How good are you at taking criticism? No matter what your skill level, microstock photography WILL test your humility at times as your favourite image is rejected for reasons that seem to make no sense to you whatsoever. But there are steps you can take to limit how many times you will sit staring in disbelief at your latest batch of image reviews. But be warned – it’ll take some getting used to!
So maybe you’ve got a few hundred or even thousand images sitting on your computer and you’re wondering where to begin – do I submit them all? How do I choose? Which kind of images will sell as microstock photography? The first step in the process is the kind of images that you should submit as microstock.
On most of the sites, once you have joined as a contributor you will find lists of subject matter that they do or don’t want.
In general, the following list includes the type of images that most libraries will readily accept:
Most agencies will tell you to avoid submitting these types of images…
Bear in mind that these are general guidelines and not hard and fast rules. For instance, I have had considerable success with travel and nature related images. In fact, my most sold image across all the sites I contribute to would have to be this one (sells on average every 3 days or so across the main sites, mostly Shutterstock). But in the end your time will probably be better spent working on images that fit within the first group listed above.
Just because up until now you haven’t photographed any doctors working on the elderly, doesn’t mean that your current images aren’t worth thinking about. Some images online are better than no images online. So look through all your old files and pick the best of the best, the ones with real potential, nice lighting and in sharp focus. And then put them aside to fine tune to the point of getting your first submission ready to go online.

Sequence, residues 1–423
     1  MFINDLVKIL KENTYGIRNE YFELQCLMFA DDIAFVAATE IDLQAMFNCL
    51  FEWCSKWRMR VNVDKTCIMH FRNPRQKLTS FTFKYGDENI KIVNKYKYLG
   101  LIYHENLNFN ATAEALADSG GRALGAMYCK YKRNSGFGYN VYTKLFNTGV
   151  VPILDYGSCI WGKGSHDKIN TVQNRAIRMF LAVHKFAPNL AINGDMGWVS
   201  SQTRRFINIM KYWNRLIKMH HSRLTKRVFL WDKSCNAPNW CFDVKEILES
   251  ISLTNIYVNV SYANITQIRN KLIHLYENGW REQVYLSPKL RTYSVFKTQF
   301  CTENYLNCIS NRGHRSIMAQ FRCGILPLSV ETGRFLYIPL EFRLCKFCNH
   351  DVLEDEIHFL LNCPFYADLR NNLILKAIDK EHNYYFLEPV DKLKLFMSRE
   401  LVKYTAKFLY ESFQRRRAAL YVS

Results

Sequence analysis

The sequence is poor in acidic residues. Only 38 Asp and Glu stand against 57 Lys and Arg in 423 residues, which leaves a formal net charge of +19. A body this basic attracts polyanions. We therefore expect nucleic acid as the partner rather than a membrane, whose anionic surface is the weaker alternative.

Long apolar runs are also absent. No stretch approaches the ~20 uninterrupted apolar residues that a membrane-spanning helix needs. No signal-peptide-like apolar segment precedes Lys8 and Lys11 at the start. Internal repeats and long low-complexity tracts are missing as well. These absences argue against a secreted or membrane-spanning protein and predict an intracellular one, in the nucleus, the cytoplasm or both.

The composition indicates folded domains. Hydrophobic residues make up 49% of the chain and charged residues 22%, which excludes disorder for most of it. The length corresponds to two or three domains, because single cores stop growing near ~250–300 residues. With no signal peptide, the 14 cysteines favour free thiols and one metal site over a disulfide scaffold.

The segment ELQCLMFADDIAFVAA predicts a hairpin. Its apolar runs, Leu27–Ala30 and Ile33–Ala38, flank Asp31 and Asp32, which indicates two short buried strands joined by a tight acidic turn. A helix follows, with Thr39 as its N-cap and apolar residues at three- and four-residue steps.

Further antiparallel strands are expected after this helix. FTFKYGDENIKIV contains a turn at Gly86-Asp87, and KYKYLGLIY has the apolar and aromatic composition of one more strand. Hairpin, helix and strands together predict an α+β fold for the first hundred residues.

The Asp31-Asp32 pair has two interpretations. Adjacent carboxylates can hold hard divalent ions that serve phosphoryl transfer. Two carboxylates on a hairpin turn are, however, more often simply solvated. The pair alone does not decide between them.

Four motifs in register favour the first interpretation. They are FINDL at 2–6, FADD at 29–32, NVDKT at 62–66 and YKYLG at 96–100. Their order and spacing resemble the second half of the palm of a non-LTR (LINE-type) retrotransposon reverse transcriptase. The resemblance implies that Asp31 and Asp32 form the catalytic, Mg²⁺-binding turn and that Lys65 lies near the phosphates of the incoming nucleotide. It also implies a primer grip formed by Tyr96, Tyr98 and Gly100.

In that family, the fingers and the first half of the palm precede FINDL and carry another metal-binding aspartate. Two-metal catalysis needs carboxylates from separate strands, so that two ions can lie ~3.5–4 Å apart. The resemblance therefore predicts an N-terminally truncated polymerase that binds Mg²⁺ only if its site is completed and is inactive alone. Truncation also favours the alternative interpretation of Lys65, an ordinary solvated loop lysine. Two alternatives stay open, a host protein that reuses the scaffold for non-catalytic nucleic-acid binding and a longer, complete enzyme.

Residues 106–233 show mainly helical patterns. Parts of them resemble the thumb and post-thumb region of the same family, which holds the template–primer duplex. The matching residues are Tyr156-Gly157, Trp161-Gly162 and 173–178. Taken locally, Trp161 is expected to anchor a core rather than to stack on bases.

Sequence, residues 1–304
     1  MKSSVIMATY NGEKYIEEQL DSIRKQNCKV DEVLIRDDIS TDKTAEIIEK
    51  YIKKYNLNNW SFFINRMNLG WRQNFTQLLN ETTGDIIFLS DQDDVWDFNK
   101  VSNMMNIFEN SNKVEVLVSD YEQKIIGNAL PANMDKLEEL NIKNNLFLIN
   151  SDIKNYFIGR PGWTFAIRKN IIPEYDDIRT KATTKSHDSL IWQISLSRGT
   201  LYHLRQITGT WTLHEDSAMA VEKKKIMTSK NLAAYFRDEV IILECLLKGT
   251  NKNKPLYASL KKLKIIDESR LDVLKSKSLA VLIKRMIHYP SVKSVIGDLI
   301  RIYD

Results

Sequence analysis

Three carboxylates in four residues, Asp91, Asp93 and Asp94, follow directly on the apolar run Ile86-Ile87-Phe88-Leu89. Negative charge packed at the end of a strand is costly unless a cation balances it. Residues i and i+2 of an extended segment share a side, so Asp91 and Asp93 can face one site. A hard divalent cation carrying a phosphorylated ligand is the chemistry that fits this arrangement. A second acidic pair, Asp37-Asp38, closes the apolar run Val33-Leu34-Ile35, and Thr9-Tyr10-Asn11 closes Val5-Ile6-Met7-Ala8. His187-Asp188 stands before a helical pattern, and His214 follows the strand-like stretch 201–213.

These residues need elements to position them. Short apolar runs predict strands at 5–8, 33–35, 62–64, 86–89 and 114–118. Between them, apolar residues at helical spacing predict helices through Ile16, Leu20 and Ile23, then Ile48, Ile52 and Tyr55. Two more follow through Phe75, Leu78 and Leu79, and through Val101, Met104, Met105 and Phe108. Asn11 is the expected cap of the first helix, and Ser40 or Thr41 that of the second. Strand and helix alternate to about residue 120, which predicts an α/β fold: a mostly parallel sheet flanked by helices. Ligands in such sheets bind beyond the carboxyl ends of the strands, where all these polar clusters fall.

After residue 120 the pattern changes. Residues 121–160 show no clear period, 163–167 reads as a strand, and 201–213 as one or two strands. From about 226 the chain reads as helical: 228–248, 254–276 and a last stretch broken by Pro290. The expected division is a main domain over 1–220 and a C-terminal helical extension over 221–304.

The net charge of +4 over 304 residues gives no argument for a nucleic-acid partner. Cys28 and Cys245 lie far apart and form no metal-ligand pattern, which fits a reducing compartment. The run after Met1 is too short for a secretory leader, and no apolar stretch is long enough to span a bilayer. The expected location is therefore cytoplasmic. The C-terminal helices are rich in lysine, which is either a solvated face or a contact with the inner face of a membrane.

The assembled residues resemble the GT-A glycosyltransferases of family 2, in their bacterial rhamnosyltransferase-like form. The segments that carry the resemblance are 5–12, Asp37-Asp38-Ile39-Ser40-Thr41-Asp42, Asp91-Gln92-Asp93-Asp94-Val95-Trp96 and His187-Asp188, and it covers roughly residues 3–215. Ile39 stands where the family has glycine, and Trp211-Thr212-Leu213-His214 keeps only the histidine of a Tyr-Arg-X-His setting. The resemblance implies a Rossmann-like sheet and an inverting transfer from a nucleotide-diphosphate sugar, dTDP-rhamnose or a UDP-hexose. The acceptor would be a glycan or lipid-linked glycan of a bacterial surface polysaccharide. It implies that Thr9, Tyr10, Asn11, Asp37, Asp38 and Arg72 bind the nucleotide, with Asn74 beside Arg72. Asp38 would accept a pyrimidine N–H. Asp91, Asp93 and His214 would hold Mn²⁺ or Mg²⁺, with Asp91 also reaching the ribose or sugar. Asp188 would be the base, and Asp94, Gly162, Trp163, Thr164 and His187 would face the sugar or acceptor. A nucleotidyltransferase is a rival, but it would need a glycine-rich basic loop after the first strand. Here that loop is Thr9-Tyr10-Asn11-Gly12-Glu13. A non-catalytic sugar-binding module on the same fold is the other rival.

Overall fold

It seems each microstock site is particularly fussy about one or two things, while another might let them slide. But across the board, some problems will always get your images rejected. The top things to look for in your files are:
Noise - just like film grain of old, noise is your camera struggling to make sense of the scene it has captured. This exhibits itself in often oddly coloured pixels (purple, green) in darker areas of the image, particularly at large sizes or in low light. It looks dirty and unprofessional. Be very conscious of it, and use noise reduction software (such as found in Adobe Photoshop CS5) and shoot RAW if possible to limit its affects.
Poor lighting - look for distracting shadows, blown out highlights, dirty blacks, colour casts from different light sources and anything else that detracts from a clean looking image.
Composition – a good stock image is sometimes tricky to get your head around. If it’s an object on white, then don’t leave too much white around it as then buyers need a bigger size image which annoys them. But if it’s a portrait or a complex still life perhaps, then leave some room where a designer can add text over the image without it wrecking the shot. Always try to follow one of the major rules of composition, such as Rule of Thirds of something similar.
Commercial value - this one is pretty subjective, and probably the main cause of complaint from photographers. Microstock agencies want images they can sell, not just any old image that is technically sound. So make sure the images you submit have a clear message, concept, purpose or use and are the kind of image that a designer could incorporate into a design or use to illustrate a concept.
Once you have selected your images and made the necessary adjustments to make them the best they can be, you are ready for the next vital step, keywording your images.
2 - Select Images That Sell,